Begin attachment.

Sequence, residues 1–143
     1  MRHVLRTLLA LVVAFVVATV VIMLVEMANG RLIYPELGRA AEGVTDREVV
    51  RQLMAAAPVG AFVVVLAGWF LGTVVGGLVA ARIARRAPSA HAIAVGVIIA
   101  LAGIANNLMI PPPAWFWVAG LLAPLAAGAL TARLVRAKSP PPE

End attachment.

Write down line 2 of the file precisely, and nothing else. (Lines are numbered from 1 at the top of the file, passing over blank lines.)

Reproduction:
     1  MRHVLRTLLA LVVAFVVATV VIMLVEMANG RLIYPELGRA AEGVTDREVV